o A fun way to introduce scientific concepts to your children is to talk with them about the plants and animals, the cycle of seasons, and the changing temperatures.
• Planting a garden together can be a wonderful way to explore the world around you.
o Count and Identify seeds as you place them in soil. Talk about what a seed needs to grow and thrive.
o Will this plant produce food for us? Discuss what else is growing in your neighborhood. Can you find any of these fruits and vegetables at the local farmer’s market or the grocery store?
o Ask and answer silly questions about the process as you go, allowing yourself and your children to have fun as you learn new concepts together. They will love to help you outside and in the kitchen as they discover how exciting and hands-on math and science can be.
Spending time together doing such positive activities–talking, sharing adventures, and getting fresh air and exercise–helps your child build a strong, healthy body and mind.
Parents want the best for their babies and children. Hopa Mountain executive director Bonnie Sachatello-Sawyer reminds families that “with the right information and resources, every parent can provide their children with strong support as they learn and grow.” According to education professors Richard Allington and Anne McGill-Franzen, children who read just six books over summer vacation “maintain the level of reading skills they achieved during the preceding school year.” If children read more than this, they will make even more impressive gains. (“Bridging the Summer Reading Gap,” Scholastic Instructor 2003, May/June).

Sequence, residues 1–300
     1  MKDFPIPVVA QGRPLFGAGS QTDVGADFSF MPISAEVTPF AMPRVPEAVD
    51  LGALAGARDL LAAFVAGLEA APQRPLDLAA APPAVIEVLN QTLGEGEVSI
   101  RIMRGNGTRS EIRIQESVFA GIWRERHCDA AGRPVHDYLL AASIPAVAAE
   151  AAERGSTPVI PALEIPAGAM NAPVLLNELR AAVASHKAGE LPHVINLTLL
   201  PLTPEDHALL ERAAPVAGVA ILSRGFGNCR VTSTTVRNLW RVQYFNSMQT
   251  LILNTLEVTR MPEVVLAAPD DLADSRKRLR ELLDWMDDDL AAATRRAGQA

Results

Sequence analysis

In addition to the StoryMakers program, Hopa Mountain also disseminates positive, useful resources and information about early learning through its Together Campaign. A comprehensive web site, complete with tips, PSAs, videos, and links to additional resources offers parents the opportunity to lead their children into successful and stable futures. Hopa Mountain’s many partners throughout the region work to ensure that children in Montana grow into happy, healthy, and successful citizens. Parents want the best for their babies and children. With the right information and resources, Hopa Mountain believes that every parent can provide their children with strong support for happiness and wellbeing. To learn more, please visit hopamountain.org/together/ for friendly tips and information about what you can do to build a healthy and happy future with your child together everyday.
Hopa Mountain invests in citizen leaders who are working to improve education, ecological health, and economic development in their home towns. Through its seven core initiatives, Hopa Mountain helps citizen leaders further develop their skills to deliver strength-based programs, services, and organizational efforts that meet needs expressed in their individual communities. Hopa Mountain matches resources of all kinds to rural and tribal citizen leaders to help them achieve their goals. To learn more about Hopa Mountain and its Story Makers program, please visit www.hopamountain.org or call 406-586-2455.